Five-0 Redux: Being the blonde on the beach
BY WENDIE BURBRIDGE / Special to the Star-Advertiser
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I know that much of why we are drawn to “Hawaii Five-0” has a lot to do with the look of the show, and for that matter, the good-looking people on the show. All those tanned, gorgeous, shirtless bodies, and the beautiful women in bikinis—and I’m not just talking about McG and Kono, though they count too. I’m also talking about all the background players who look terrific walking around and lounging on Waikiki Beach as well as sitting in restaurants and running away from yakuza gunmen.
Which is why it is not surprising that when you meet someone as beautiful and striking as Sarah Katherine Miller, you’re not surprised that she has been an extra on several episodes of “Hawaii Five-0” including being a “Bikini girl” in several episodes, namely “Ke Kinohi” during the scene where the Yakuza tried to kill McG on Waikiki Beach, and in the Tiki’s bar scene and in pool shots at the Aston Waikiki during “Powa Maka Moana.” She also played a patron at the Tropics Bar and Grill in the famous “Blue Hawaiian” scene with Kala Alexander, McG, and Danno, and a pedestrian on Queen Street when Kono and Chin pull over a car to look for weapons in “Ko’olauloa.” She is tall and lovely and as sweet as she looks. And as someone who has cast extras before, if the daily call sheet asked for “a blonde on the beach,” she would be the first call I made.
Quick side note: Call time is what the television and film productions use to tell actors when they have to be on set in order to get into make-up, costume, and to get ready for filming. Call time is usually at least two hours before shooting begins (depending on how much make-up or costuming is needed). A call sheet is what the production crew gets toward the end of the shooting day and it basically tells everyone who is expected to be on set the following day, what scenes will be shot, what locations will be used, what time the crew needs to be on set, what time actors and extras need to be on set, and meal times. For extras casting, it is a very important sheet because it tells us what kinds of people we need to cast for the following day. That’s what makes extras casting so hectic—not only do you have to be working on set running the extras, but you also have to cast the following day while shooting is going on. If you’re lucky, you’ll get the call sheet early in the day, but I’ve actually starting casting extras at 10:00 at night for a 6 am call time the next morning.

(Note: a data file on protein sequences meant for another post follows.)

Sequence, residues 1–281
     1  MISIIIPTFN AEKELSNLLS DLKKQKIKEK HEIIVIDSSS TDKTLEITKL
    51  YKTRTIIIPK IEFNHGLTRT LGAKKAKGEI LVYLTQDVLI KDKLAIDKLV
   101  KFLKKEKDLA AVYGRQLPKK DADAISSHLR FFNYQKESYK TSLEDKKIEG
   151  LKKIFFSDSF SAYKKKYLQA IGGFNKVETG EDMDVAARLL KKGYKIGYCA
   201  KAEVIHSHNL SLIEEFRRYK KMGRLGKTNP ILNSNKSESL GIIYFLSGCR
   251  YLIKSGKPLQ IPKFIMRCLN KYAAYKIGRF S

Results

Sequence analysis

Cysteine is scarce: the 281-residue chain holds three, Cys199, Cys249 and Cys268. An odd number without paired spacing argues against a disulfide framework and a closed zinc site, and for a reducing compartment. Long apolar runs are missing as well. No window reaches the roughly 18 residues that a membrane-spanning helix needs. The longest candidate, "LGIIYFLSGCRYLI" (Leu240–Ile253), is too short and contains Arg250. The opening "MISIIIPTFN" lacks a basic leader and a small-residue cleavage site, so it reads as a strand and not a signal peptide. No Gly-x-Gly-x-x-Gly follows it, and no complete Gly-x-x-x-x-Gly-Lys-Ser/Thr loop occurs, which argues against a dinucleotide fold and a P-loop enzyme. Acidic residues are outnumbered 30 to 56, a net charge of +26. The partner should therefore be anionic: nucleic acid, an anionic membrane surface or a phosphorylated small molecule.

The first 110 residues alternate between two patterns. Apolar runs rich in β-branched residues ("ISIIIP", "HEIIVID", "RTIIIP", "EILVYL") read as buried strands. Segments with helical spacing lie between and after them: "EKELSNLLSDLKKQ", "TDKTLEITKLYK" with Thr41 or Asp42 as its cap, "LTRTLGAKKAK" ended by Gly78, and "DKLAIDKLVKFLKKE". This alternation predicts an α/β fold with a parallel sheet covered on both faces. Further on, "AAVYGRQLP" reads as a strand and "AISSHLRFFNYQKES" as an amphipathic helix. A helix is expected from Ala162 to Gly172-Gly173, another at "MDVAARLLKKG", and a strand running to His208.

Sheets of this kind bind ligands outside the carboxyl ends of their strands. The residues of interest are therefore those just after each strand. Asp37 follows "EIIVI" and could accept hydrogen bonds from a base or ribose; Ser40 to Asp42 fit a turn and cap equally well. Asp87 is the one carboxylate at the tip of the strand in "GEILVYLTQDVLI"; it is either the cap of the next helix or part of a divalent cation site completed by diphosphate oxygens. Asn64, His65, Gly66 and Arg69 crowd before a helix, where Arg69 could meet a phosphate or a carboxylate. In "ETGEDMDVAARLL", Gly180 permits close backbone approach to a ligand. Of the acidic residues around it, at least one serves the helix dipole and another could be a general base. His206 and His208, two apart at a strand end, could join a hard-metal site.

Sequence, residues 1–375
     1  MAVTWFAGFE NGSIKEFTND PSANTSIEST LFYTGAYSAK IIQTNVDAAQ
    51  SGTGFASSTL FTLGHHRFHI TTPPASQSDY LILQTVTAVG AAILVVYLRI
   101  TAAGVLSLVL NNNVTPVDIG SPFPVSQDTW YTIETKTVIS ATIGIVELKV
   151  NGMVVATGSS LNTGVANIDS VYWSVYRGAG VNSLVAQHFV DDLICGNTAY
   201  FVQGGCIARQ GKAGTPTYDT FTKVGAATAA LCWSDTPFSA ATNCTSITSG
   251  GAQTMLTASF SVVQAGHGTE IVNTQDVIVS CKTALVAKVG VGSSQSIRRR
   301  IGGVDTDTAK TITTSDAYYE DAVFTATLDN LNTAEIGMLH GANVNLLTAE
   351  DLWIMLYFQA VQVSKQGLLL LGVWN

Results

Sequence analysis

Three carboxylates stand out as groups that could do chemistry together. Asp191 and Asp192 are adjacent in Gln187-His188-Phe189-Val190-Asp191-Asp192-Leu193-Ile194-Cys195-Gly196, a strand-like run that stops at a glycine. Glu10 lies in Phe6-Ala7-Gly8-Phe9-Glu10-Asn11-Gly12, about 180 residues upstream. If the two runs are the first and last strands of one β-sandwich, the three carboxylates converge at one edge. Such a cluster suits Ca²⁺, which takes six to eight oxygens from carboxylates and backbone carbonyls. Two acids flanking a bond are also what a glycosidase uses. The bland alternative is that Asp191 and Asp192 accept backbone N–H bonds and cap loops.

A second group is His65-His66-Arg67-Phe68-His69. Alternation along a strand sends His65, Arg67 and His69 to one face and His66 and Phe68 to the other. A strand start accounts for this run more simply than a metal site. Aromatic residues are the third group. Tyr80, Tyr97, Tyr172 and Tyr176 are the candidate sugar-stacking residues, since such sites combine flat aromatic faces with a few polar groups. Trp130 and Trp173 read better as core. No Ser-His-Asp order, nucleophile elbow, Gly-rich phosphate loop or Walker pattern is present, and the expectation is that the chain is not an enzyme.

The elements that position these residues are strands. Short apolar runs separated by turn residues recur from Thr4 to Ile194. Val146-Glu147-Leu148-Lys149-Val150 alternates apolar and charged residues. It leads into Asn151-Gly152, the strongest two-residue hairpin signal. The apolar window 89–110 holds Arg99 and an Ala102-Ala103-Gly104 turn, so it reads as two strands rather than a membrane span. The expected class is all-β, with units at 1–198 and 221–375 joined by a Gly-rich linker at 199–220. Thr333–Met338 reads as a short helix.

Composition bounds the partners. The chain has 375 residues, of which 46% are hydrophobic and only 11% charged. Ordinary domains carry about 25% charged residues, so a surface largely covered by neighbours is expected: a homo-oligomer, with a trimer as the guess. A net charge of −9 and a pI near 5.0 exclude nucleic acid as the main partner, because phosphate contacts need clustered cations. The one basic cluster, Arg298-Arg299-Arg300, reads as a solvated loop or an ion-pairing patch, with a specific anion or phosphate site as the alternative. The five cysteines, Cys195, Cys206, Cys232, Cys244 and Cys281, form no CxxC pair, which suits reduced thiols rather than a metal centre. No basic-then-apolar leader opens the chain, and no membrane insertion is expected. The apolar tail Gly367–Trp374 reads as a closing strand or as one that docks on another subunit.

Sarah is really a great find for Extras Casting, because she has prior experience as an extra, so she knows the drill: bring three changes of clothes, no red, black, or white, or anything with logos, she knows that the call time is very important, that she will be waiting for long periods of time, and that the day may be longer than 8 hours. Sarah was an Extra on the film Ladder 49 and on the television show “Army Wives.” Most of her experience was on “Army Wives” where she said, “it basically became a part time job. I worked almost every week and appeared in multiple episodes of Season 3, often as a waitress in the Hump Bar or as an Army wife, but even appearing once as a soldier in full gear.” She once worked for 17 hours on the “Army Wives” set, where she was in full 1940’s make-up and costume and danced nearly the entire shooting day.
Most times when you are called to be an extra, you will be asked to bring your own clothing to wear on set, or they will provide you with a costume, like in Sarah’s experience for the 1940’s scenes in “Army Wives.” Most likely, unless “Hawaii Five-0” does a flashback to Pearl Harbor during World War II, you’ll probably BYOB—bring your own bikini.